High-tech Hollywood

Filmmakers passing the hat on the Net

For would-be Ingmar Bergmans (or Steven Spielbergs, for that matter), gathering coin for their fledgling cinematic efforts is generally one of the biggest stumbling blocks they encounter. In their efforts to scour the globe in search of investors, it’s almost inevitable that indie filmmakers would turn to the Internet, where a potential audience of millions can be reached nearly for free.

Aspiring filmmaker Jim Tessier has taken an entrepreneurial approach to Internet-based film financing. In looking around L.A. for money to produce a script he co-wrote with his cousin, Tessier looked to the Net as a way of disseminating information about his project.

Last November, Tessier launched Surfview Entertainment, a Web site (www.surfview.com) where producers can post information about pending projects for a fee of $10 a month.

But Tessier isn’t running a classified ad service. Instead, his site only lists projects that boast some sort of involvement by established entertainment industry figures. Participants in currently listed Surfview projects include Aretha Franklin and Ice-T.

Once he has found 30 projects that seem viable, Tessier intends to purchase a mailing list of “investors who have taken risks on IPOs and limited partnerships.” He plans to tell these high-rollers about the Web site, with the hope of garnering cash for various productions.

So far, said Tessier, several projects have generated leads, but none has found complete financing.

But producer Suzanne Marcus Fletcher, whose project “Empress of the Blues” is listed on the site, said she’s not counting on getting all her financing through the Web.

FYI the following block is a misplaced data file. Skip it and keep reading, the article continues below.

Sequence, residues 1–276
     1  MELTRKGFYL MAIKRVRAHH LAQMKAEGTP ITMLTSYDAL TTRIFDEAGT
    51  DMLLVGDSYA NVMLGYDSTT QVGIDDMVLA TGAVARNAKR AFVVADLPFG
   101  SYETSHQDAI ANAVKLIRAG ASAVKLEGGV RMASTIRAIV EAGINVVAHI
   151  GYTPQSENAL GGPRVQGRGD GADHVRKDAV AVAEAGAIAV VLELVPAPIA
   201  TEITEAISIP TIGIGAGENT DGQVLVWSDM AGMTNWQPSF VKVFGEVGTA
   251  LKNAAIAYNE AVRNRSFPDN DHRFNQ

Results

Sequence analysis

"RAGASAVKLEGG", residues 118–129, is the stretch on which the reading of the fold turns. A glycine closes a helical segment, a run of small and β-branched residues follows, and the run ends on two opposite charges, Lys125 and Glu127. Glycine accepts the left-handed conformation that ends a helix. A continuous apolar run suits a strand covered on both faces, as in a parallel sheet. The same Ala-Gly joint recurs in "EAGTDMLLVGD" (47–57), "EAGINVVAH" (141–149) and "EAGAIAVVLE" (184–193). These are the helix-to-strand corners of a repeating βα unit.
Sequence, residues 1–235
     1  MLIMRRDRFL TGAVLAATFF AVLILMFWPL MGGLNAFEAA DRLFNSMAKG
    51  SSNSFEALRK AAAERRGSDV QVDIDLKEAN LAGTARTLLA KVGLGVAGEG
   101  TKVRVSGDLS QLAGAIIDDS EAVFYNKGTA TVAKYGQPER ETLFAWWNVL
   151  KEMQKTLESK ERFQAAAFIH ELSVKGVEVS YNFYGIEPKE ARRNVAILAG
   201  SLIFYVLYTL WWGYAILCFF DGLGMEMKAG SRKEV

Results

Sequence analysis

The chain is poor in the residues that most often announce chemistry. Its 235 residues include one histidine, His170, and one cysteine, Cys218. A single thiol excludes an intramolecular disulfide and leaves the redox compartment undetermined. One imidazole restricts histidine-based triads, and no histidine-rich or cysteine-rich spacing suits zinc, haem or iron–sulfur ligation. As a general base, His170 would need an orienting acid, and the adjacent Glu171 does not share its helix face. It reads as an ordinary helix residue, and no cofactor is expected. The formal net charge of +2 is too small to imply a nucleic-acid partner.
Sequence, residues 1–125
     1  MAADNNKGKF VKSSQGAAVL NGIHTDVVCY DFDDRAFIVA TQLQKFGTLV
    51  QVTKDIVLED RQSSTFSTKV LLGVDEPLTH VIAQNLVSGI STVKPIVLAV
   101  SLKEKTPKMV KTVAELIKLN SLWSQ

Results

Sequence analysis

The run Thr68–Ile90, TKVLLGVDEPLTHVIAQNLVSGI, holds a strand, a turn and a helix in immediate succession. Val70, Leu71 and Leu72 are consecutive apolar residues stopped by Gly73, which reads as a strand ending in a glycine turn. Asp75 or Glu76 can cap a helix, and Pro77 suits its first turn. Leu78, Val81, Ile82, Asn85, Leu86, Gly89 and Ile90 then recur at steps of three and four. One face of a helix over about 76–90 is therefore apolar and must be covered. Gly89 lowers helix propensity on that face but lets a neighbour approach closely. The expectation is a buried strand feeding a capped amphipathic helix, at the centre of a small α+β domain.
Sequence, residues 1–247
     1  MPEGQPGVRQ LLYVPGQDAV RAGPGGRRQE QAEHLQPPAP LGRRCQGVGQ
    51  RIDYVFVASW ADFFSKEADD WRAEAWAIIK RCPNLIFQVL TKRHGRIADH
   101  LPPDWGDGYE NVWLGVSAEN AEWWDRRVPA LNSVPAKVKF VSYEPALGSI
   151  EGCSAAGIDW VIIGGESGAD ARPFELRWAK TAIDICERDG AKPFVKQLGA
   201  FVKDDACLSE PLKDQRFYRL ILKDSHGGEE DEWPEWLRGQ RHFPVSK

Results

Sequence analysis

“Obviously, this can’t be your exclusive source of finding investors,” she said. “But I’ve found several people I’m in dialogue with, and some are very savvy and specifically want to fund the film we’re making.”

Fletcher — whose film is a biopic about blues legend Bessie Smith — says Aretha Franklin is definitely on board for the lead role. Other proven talents have aligned themselves with the project: Booker T. Jones is the film’s arranger and composer, and music and film industry veteran Steven Soles is exec music producer.

Though the Web has a reputation as being a democratic medium, Fletcher emphasizes that film financing isn’t so egalitarian. “When you’re talking to investors, you have to know where the money is coming from: All money is not equal. I’ve turned down people who wanted to invest their entire $250,000 trust fund, but this business is too risky that sort of thing. I tell them to put it in a (certificate of deposit) instead,” she said.

Blue skies above

For operators of film-financing Web sites, there’s the question of Securities & Exchange Commission rules. Earlier this month, a small outfit called Destiny Pictures came under investigation by securities officials in New York and California. According to Tessier and other sources, Destiny has offered shares in film projects to numerous investors via the Internet, but hadn’t registered the offering in various states, a process known as “blue skying.”

“You have to follow the same parameters and security requirements that any offering crossing state lines would be subject to.” said Michael Burns, co-founder of Hollywood Stock Exchange, a company that’s planning to finance film productions using the Internet. HSX has already announced a slate of indie films that it’s put into production, and operates an Internet game that lets players pretend to trade showbiz companies, stars and films like stocks and bonds.

When offering large numbers of shares to numerous investors, said Burns, “The reporting requirements and disclosure issues have to be treated like any other security offering. We’re going to do our deal through an investment bank that has blue sky expertise, and we have SEC counsel.”

Tessier said Surfview avoids such issues by seeking out only a handful of qualified investors for each project. “On Surfview, you advertise a business plan, not a private placement offering. The business plan includes a letter of intent from people who say they’re attached, but that’s not a document that needs to be filed with the SEC or with each state.”

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